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How I faced the news that my mother was dying

madre muerte

Ground Picture - Shutterstock

Hija atenta abrazando a madre moribunda con cáncer en el hospital

Sheila Morataya - published on 01/26/23

When I found out that my mother was dying, working through the stages of grieving and the power of faith helped me find healing.

Getting the news that you’re going to lose your mother produces a unique sadness and a feeling of emptiness in the soul.  It causes a kind of suffering that’s often beyond our reach to overcome on our own. Psychotherapy can help, but it’s only through the power of faith that we can fully assimilate this pain and heal. 

How can we prepare ourselves? 

Poets, writers, artists, and people of every walk of life – even criminals – often have spoken with deep emotion about the most important woman in their lives: their mother.

But can anyone ever prepare for their mother’s death? In this article I simply want to give you some ideas for your own process that, in the end, have helped me.

According to the research of psychiatrist Elisabeth Kübler-Ross, a pioneer in studying the dying process and an expert in palliative care, a person in the grieving process goes through five stages: deep sadness; anger; denial; bargaining or interruption of usual activities; and acceptance or the need to reorient one’s life. I will briefly explain each of them. 

The five experiences of heart, mind and soul

1. Deep sadness

When we receive the news that our mother is terminally ill, we experience shock and spontaneous disbelief. We all know that dying is part of the process of life, but no one is prepared for this bundle of experiences and feelings that produces a deep sadness. How can we manage it? 

First, observe it: What’s happening to you is normal. You are not clinically depressed.

Second, accept it: Do it soon, and set your mother free.

Third, live it: If you need to cry, cry. If you need to go to therapy, go to therapy; if you want to talk to a priest, seek one out. You don’t have to go through this process alone. 

2. Anger

All of us will feel anger at the loss of our mother. However, those who lose their mom suddenly may feel it more intensely. Such was the case of Prince Harry of England, who tells in his memoir how he remonstrated with his mother, Princess Diana, that she had left them that way. For this reason, every grief – every loss – is unique.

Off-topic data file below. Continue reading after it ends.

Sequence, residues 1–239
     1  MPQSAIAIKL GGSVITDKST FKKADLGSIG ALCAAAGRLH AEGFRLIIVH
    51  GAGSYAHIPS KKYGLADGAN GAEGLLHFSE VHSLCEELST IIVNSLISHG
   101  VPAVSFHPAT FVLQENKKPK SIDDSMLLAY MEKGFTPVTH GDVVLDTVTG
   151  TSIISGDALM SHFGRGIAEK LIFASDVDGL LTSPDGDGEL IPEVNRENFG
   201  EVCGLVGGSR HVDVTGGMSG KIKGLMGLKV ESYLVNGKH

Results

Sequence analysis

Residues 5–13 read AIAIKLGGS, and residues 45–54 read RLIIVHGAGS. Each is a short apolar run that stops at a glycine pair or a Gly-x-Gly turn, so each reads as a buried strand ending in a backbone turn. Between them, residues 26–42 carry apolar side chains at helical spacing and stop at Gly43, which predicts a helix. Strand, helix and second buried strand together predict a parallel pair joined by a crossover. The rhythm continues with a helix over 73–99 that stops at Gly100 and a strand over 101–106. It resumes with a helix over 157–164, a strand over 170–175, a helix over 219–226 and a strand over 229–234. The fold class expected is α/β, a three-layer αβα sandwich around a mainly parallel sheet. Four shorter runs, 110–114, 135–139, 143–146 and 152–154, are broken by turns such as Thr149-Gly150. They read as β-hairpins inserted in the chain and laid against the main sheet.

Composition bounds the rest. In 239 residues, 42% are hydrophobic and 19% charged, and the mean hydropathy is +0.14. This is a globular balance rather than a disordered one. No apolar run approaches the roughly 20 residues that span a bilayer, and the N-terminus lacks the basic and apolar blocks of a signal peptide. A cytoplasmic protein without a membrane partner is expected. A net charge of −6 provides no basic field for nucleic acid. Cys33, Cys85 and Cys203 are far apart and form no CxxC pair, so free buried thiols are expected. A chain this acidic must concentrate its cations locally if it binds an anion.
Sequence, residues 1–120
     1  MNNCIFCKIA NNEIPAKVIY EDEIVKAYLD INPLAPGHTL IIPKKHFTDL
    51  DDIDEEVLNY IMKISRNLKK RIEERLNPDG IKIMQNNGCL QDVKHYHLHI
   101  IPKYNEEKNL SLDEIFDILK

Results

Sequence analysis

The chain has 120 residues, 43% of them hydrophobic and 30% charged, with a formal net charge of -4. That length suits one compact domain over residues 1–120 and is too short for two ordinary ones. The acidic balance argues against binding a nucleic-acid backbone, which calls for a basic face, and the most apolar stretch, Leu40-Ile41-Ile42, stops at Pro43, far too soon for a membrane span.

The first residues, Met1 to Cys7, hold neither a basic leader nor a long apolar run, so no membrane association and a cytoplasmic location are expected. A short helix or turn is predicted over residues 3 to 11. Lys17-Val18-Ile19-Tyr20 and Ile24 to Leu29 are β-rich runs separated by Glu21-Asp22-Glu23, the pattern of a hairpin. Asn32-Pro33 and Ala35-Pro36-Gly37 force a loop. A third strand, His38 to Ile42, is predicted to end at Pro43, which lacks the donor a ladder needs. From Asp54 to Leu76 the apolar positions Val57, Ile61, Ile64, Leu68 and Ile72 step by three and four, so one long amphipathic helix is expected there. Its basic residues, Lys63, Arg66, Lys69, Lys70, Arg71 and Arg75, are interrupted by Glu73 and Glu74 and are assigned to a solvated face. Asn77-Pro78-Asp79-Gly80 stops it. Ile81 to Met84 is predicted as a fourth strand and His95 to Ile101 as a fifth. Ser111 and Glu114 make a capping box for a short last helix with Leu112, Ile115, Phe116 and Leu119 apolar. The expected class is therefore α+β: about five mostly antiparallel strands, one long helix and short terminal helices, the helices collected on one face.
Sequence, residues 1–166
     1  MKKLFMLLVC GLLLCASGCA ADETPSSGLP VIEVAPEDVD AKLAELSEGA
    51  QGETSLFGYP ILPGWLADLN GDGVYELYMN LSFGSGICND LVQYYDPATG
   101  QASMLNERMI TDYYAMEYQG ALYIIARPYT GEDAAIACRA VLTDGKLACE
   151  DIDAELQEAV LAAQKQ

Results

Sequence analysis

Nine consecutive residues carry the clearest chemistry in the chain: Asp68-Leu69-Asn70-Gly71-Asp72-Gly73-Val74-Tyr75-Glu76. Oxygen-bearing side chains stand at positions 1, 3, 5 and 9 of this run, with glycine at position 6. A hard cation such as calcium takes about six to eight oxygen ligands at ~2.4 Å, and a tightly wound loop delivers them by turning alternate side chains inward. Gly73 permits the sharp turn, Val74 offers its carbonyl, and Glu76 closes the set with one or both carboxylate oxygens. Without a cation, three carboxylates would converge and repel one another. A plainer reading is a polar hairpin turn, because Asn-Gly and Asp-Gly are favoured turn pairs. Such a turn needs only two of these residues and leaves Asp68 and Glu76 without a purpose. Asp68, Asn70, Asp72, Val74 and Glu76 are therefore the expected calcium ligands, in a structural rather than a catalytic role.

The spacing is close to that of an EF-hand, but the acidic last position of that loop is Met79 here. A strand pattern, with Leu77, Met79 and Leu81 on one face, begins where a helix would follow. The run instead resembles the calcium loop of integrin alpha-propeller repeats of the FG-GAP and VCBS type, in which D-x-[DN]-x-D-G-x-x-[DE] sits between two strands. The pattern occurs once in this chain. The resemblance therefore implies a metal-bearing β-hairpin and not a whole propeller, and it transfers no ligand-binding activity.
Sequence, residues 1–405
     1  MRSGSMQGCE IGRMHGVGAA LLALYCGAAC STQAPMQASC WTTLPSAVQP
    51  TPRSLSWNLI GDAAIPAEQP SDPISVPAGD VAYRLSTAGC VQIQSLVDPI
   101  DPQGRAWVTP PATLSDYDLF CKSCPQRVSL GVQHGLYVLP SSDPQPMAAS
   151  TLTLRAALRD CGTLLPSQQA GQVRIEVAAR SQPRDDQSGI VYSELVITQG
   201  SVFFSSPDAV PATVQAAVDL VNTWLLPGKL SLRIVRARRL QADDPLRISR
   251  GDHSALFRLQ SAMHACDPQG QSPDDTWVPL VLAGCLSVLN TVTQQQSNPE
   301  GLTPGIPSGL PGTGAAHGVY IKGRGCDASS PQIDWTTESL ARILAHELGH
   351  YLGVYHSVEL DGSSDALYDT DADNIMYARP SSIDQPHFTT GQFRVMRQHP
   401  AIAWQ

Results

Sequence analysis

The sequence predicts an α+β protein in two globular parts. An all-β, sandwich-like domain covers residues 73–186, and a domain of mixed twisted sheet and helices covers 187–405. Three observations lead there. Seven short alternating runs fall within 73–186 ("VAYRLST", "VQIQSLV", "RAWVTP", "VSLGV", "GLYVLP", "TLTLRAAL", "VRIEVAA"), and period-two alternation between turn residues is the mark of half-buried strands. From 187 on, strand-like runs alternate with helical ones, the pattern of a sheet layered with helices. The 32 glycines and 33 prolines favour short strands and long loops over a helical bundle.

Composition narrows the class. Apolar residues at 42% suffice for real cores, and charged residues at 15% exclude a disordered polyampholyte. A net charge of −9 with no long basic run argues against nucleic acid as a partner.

What should you do if you’re angry? Voice it to God, to your spiritual director, to your psychotherapist, or to another person you know will listen to you, will not judge you, and will guide you.

Don’t hesitate to cry. Cry inside a church, in the presence of God, or with your spiritual director, or with your psychotherapist. All of this is healing and therapeutic. Crying during the funeral doesn’t mean we’re weak or lacking in faith as a Christian who believes in the afterlife and in the resurrection. 

3. Denial

As I explained above, everyone experiences great difficulty in accepting that they will soon experience a loss. This is why many people go on with their lives as if everything were fine. According to neuroscience, this is also normal, because the brain doesn’t like change. It may take at least 90 days for us to accept that our mother is gone or will soon be gone.

4. Disruption of usual activities and bargaining

You may be a person of faith, a strong, mature person with a family and a stable professional job… However, the moment you learn that your mother is going to die, suddenly you cannot focus the same way. A black cloud often settles over your head; you stop exercising, cancel some social engagements, and find yourself thinking about her frequently. All of this is normal, as long as it doesn’t completely paralyze your life and relationships.

In reality, grieving the loss of a mother begins the very moment we receive the news that she has only a short time to live. But there’s a very important difference for someone with faith: God will fill us with strength and we will manage the sorrow with God’s grace.  

5. Acceptance and the need to reorient one’s life

Losing your mother is like a call to take stock of your life, to look for what matters and let go of many superficial aspects of life.

The death of our mother can bring us closer to God, and make us reflect about how our life will be without her. It also makes us value her more and think about all the things she did for us starting in our childhood.

In my personal case I can say that my mom inspired me to work with joy and dedication. In her time, she enjoyed great prestige teaching cooking classes to hundreds and hundreds of women in El Salvador.

We experience this need to reorient our life because – unconsciously in most cases – we know that we are now the older generation, the one that has the responsibility of leaving a legacy equal to or greater than the one our parents left us.

Pope Francis spoke in his audience on June 17, 2015, about the difficulty of losing of a loved one, emphasizing the hope that comes to us from Christ:

Death is like a black hole that opens up in the life of the family and for which we have no explanation. (…) 

In the People of God, by the grace of his compassion granted in Jesus, many families prove by their deeds that death does not have the last word: this is a true act of faith. (…)

And let us remember Jesus’ deed: “And Jesus gave him back to his mother,” so he will do with all our loved ones and with us when we meet again, when death will be definitively conquered in us. It was conquered by Jesus’ Cross. Jesus will give us all back to the family!

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ElderlyMotherhoodRelationships
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